Belvedere James Bond News

Belvedere thinks product placement is worth the investment after James Bond tie-up


By Seb Joseph | News editor

October 30, 2015 | 5 min read

Belvedere is open to striking more product placement deals in order to generate greater brand awareness after hailing the success of its appearance in the latest James Bond film - Spectre.

The premium vodka is in the midst of its marketing for the 24th film in the franchise, celebrating its launch this week with a screening of its own in London. It's the first time Belvedere has paid to be in a film of this scale and while the tie-up is "exceeding expectations" six weeks in, president Charles Gibb said it will wait until early next year to decide whether to pursue an ongoing relationship with cinema's most famous secret agent.

But that doesn't mean it's not open to doing more product placement in future. “I think yes we’ll do more but only with the right brand,” said Gibb. “We’re six weeks into this journey. We’d love to continue this relationship [with the Bond franchise]. Once the dust settles in the new then we’ll evaluate and look to see if we’ll do anything anywhere else.”

Given the spy's penchant for vodka martinis, Belvedere is a natural fit for the franchise, which was looking for a premium vodka brand going into the movie's production. And the brand gets its moment in the film when Bond finds a dusty old bottle of the super premium vodka during his search for the next clue in his hunt for the film's villain.

Bond and product placements are frequent bedfellows, with Daniel Craig's incarnation going further than his predecessors to unashamedly promote the likes of Heineken and Aston Martin while he protects Queen and country. Indeed, a minimum of 17 product placements are littered throughout Spectre including Ford, Sony Mobile and Bollinger champagne.

And yet compared to some of the more in-your-face product placements in Bond, Belvedere's inclusion is downplayed and that's just fine for Gibb, who said the mere fact that it’s associated with one of film's most lucrative franchises is spiking awareness.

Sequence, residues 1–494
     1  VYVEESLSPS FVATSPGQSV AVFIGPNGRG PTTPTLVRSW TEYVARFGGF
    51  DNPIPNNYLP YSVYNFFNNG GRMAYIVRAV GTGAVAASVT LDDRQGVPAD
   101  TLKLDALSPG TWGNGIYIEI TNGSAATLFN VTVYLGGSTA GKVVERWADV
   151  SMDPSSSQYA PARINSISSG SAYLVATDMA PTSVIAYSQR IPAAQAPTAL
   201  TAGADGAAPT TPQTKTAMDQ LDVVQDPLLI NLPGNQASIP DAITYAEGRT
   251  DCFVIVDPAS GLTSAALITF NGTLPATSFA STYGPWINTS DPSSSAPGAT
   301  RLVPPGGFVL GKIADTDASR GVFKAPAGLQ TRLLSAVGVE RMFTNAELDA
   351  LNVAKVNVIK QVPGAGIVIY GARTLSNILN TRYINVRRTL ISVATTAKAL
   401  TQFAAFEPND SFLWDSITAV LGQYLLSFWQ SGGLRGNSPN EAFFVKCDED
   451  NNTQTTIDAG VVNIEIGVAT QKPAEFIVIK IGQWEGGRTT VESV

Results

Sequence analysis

“Suddenly the brand awareness has shot up,” said Gibb. “We’re in a 120 countries around the world and the impact that Bond has in every single one of those markets is huge. Social media is helping spread that awareness and the channels we use to do this vary depending on the market. Instagram is clearly huge at the moment in terms of people wanting to share images of what they’re doing.”

Product placements are a staple of cinema, with advertisers and media agencies looking to make the most of the halo effect created by buzz around eagerly anticipated movies. And it works; The return of the iconic Aston Martin DB5 in Skyfall sparked a 35 per cent surge in searches for the luxury car manufacturer in the week following its release, according to eBay Advertising. Just two days before Spectre hit screens, customers searching for Bond's Omega watch leapt by a third.

However, it's formula is yet to translate as effectively over to TV, where there is a dearth of product placement. It first hit UK screens in 2011 but some production companies have voiced concerns that media agencies and broadcasters haven’t pushed the technique more to advertisers, preferring instead to protect their traditional market paces of spots and sponsorships.

“We were looking for things that could help us grow the brand on a global scale,” added Gibb. “Partnering has the potential to really impact the trajectory of the brand on a global basis because of its international reach.”

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